Argentina also have that other guy. So here is one of Messi’s favourite singers, apparently.

1 The verdict of that tackle from former Brazil star, fat Ronaldo: “Evil, violent.” Ronaldo saw Zuniga’s knee as a lethal weapon, a loaded gun. It was aimed point-blank. But it was just a knee and even worse things have happened than the threat of paralysis.

September 5, 1931, Rangers vs Celtic at Irbrox stadium, 75,000 people watching as Celtic’s goalkeeper John Thomson dives at the feet of Sam English to make a great save.

“That was his last save,” wrote John Rafferty in Soccer: The Great Ones. “Behind the goal Rangers supporters danced with glee…David Meiklejohn, one of the greatest Rangers captains of all time, looked grimly towards the disgusting manifestations of joy, then left the group on the field and strode towards them.

“He was a terrible figure of anger and a hush spread before him. He raised his hands above his head and demanded silence and there was no denying him.

“The tumult ceased and those who watched knew for the first time that John Thomson was severely wounded. His fiancée in the stand screamed and rushed to the pavillion. His brother hurried to be at his side.

“Stretcher-bearers carried him to the dressing room, a doctor quickly diagnosed a compressed fracture of the skull and he was removed to the Victoria Infirmary nearby. The game proceeded self-consciously.

“He died at 9.25 that night without gaining consciousness and he was just twenty-three years old.”

2 Luiz’s amazing free-kick was one thing; his comforting of James Rodriques after the game was an even lovelier thing to behold.

Rodrigues was devastated by the loss, a distraught, weeping figure as he trudged around the field. Luiz was moved by his distress and went to his side, holding him, stroking his face, no doubt reminding him of his brilliance and genius. He swapped shirts.

Inevitably the moment served as a reminder of one of the defining images in the history of the World Cup, when Pele and Bobby Moore exchanged shirts after the Brazil vs England game in Mexico, in 1970. It’s one of football’s most iconic photographs, the two great athletes standing in the Guadalajara sun.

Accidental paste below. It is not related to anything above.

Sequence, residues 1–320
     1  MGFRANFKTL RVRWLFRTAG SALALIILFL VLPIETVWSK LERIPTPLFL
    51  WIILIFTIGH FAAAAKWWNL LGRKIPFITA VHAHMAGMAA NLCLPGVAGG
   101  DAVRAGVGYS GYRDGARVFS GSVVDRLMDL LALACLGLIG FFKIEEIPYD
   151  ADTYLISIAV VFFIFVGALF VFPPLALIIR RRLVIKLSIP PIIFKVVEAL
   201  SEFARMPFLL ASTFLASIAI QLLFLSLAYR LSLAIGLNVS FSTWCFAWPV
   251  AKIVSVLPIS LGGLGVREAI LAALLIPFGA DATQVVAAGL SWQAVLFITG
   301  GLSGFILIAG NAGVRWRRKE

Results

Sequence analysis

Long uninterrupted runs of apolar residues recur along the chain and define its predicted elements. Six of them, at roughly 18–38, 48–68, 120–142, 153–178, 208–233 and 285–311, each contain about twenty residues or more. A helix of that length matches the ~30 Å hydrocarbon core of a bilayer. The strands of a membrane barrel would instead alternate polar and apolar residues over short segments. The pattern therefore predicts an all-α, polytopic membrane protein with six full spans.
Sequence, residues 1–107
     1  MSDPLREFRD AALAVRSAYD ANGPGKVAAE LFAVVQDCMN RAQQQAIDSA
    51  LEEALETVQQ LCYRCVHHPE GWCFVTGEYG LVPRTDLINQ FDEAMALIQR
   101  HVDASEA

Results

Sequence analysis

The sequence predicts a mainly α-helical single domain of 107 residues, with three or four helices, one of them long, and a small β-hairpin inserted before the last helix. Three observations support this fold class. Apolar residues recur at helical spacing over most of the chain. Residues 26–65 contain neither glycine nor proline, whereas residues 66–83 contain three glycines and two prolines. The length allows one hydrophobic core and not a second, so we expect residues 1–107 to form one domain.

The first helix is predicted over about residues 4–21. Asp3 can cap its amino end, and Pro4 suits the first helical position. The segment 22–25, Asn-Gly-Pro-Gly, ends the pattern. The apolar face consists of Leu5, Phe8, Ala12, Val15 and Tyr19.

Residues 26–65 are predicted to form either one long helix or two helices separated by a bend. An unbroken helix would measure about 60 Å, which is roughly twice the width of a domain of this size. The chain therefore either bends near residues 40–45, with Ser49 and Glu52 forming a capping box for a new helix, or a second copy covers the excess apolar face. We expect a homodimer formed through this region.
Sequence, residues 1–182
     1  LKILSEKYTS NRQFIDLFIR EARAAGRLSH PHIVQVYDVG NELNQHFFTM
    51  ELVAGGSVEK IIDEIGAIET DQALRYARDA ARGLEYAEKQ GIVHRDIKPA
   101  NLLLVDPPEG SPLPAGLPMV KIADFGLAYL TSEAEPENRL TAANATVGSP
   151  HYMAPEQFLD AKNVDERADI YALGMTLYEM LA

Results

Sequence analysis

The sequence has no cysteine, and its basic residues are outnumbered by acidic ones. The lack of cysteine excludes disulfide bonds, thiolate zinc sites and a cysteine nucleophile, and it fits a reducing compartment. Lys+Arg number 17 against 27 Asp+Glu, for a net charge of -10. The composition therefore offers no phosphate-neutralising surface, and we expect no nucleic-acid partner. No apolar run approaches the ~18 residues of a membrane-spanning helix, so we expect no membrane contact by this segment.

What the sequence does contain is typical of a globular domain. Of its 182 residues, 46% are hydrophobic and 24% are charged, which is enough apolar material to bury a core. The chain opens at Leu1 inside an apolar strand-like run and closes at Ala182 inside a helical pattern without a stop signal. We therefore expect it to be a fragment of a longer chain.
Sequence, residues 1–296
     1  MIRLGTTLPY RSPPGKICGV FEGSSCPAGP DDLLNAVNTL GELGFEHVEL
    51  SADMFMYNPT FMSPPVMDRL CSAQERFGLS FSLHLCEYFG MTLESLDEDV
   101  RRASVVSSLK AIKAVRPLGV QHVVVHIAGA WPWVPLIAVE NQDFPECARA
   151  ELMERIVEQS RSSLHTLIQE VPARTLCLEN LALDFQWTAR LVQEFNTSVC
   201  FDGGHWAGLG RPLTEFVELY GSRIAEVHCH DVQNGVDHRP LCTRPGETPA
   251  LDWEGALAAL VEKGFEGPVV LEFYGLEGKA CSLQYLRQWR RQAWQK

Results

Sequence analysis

In Jeff Powell’s biography Bobby Moore, Moore said, “When you play against people of that ability, at the highest level, for those stakes, you don’t have to speak the language to come to know each other.

“At that time Pele hardly spoke a word of English, yet, without thinking, I knew him as a nice, quiet, sincere man, a gentleman and a sportsman.”

Moore died in 1993. Pele is 73, and remains football’s worst pundit. Everything he predicts is wrong.

3 As suggested in a pre-World Cup diary, Belgium really were the new England – a team that rides in on a lot of hype, with excited talk of “a golden generation”, but goes out in the quarter-finals.

Watching them afforded little pleasure. They were stuttering, incoherent; they kept being played offside, like suckers, like amateurs. What was the point of Belgium? Against Argentina, their greatest single idea was route one.

Eden Hazard, whether by his insistence of the coach Marc Wilmot’s tactical decision, played in the role of the big man on campus – he wanted to be a midfield supremo, who surveyed the scene, understood it, and made his decisions accordingly, a Pirlo, a Xavi, a Platini. But he was a Beckham, not really up to it, ineffective, out of position.

As for England, more tomorrow, when documentary evidence will be produced to establish the thesis they were the old England – not just the same old England, but the old, old England, the England of 60 years ago, in 1954, the last time they came into the World Cup with such low expectations and still managed to disappoint.